Intermediate Coaching Notes
Section 2. The Three-Ball Break
The three-ball break is the basic framework about which the more elaborate plays such as the triple and higher peels are based. Three-ball breaks have to be played during a game until you are able to recover the fourth ball and convert to a four-ball break.
You can play three-ball breaks in two broad ways; using rushes and stop shots, using wide split rolls.
2.1. Unlike a basic four-ball break where in any one croquet stroke only one ball of the pair has to find position, in a three-ball break two balls have to be placed fairly accurately.
2.2. The essence of an easy three-ball break is to use rushes and stop shots. The rush is invaluable in "shrinking the lawn" and giving yourself short croquet strokes, rather than long split rolls. The ability to rush is the key to handicap reduction. As discussed in Section 1 it is vital to get on the appropriate rush line.
2.3. The stop shot as was mentioned above is a very accurate way of positioning the back ball in the croquet stroke. This stroke is used to yield a perfect hoop running position or an accurate rush on another ball (figure 2.3)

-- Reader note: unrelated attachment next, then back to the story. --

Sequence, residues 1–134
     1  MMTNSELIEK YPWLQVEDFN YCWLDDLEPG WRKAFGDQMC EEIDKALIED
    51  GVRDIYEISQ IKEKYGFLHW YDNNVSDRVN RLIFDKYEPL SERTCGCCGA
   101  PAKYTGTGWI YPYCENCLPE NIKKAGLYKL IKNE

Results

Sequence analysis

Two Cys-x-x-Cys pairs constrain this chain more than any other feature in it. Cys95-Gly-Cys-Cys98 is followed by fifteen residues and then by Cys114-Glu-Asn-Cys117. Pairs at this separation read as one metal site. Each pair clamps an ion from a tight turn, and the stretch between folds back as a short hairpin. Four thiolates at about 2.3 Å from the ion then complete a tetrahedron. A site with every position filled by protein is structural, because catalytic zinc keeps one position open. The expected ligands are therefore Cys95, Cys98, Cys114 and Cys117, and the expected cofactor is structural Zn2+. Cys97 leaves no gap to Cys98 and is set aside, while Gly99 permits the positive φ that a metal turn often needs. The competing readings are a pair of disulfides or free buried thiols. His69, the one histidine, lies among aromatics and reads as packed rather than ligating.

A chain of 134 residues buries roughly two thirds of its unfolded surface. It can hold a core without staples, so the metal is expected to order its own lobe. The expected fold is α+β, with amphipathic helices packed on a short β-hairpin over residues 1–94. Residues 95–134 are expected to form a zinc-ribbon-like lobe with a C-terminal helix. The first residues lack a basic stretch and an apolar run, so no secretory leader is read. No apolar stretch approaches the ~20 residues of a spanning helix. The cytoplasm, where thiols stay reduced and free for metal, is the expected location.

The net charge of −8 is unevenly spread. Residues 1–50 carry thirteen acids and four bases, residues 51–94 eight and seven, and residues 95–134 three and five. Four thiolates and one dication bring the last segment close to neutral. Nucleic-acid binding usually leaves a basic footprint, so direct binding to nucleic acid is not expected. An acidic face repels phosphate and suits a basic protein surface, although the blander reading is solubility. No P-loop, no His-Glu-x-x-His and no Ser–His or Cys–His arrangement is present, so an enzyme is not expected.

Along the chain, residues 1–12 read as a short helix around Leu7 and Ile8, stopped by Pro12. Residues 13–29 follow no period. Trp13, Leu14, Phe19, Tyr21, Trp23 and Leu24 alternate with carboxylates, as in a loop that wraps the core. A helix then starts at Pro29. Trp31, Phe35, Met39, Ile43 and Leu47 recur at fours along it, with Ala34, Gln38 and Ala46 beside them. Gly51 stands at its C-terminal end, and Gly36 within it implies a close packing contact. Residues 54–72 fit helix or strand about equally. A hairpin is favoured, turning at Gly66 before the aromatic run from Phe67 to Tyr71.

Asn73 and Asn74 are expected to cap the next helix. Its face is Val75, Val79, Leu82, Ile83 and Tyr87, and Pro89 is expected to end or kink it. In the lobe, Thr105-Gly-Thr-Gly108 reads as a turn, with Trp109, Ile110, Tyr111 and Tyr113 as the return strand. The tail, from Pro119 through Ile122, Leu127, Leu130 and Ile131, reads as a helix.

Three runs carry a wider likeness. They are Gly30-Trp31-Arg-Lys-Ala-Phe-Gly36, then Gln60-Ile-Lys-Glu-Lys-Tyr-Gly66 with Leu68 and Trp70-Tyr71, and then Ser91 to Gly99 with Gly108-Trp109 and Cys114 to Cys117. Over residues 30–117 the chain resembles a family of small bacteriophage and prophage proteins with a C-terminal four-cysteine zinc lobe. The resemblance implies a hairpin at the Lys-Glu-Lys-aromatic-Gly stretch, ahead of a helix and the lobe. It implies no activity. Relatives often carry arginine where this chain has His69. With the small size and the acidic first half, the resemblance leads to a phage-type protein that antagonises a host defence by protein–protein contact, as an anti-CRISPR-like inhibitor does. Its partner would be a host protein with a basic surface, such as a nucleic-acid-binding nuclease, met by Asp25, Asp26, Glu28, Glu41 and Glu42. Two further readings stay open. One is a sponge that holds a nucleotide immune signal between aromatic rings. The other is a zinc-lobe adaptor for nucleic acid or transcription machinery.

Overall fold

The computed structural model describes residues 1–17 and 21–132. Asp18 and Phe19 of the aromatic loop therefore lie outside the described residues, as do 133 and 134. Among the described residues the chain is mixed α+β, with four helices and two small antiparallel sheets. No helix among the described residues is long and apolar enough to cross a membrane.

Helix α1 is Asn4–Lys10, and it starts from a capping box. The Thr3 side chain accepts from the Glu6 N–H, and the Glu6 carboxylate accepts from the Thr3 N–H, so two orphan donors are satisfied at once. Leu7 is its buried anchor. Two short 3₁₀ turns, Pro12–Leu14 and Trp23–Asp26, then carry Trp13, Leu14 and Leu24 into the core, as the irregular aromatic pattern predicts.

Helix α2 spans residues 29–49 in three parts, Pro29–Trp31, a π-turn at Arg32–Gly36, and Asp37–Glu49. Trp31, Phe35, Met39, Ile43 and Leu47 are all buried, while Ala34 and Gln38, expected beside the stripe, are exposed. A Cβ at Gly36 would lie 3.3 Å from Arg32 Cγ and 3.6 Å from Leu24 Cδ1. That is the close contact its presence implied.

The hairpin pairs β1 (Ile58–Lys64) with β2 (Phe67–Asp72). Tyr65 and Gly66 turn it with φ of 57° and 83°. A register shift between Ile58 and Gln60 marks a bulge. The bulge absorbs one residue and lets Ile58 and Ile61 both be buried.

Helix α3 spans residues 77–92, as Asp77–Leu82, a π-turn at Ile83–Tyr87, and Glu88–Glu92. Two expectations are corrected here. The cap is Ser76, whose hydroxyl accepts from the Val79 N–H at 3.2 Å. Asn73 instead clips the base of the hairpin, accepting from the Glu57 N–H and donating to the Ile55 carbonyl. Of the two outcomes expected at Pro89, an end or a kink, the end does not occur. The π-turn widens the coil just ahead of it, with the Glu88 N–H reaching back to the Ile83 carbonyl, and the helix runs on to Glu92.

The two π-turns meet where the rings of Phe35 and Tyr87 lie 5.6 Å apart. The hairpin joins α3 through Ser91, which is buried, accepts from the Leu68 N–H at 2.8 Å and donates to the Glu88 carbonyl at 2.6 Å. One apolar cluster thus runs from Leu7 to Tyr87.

2.4. You can make most of your rushes in a three-ball break easier by rushing to a boundary. You then only need to get the direction correct and not be concerned about the strength of the shot. As an example you should aim to rush the reception ball from hoop 1 off the West boundary slightly South of hoop 2. You then stop the reception ball to hoop 3 as a pioneer and take position to rush your hoop 2 pioneer to its hoop.
2.5. The point you rush to should be the one giving you a narrow split angle on the following stop shot, and which allows you to approach your pioneer along its rush line. The wider the split required the more difficult the shot, and hence the more prone to error.
2.6. The most favourable position for pioneers in a three-ball break is different from that required by a four-ball break. Since you will be mostly approaching your pioneers from the boundary you require them to lie between the hoop and the boundary. For example the pioneers for hoops 2, 3, ... should be South-West of hoop 2, North-West of hoop 3, North-East of 4. As in the last paragraph you chose the pioneer's position to give yourself a stop shot approach which does not involve a very wide stop shot (figure 2.6).
2.7. For the hoops in the centre of the lawn there is no need to rush to the boundary (figure 2.6). Since small distances are involved the shots can be accurate. The pioneer to hoop 5 is placed South-East of 5. The reception ball from hoop 4 is rushed West on to the hoop 5 rush line. The pioneer for hoop 6 wants to be South-East of hoop 6. Your stop shot sends a ball to this position and allows you to approach the pioneer for hoop 5. After hoop 5 you rush to the East of hoop 6 on to the hoop 6 rush line and stop the 1- back pioneer North-East of 1-back whilst approaching the hoop 6 pioneer.
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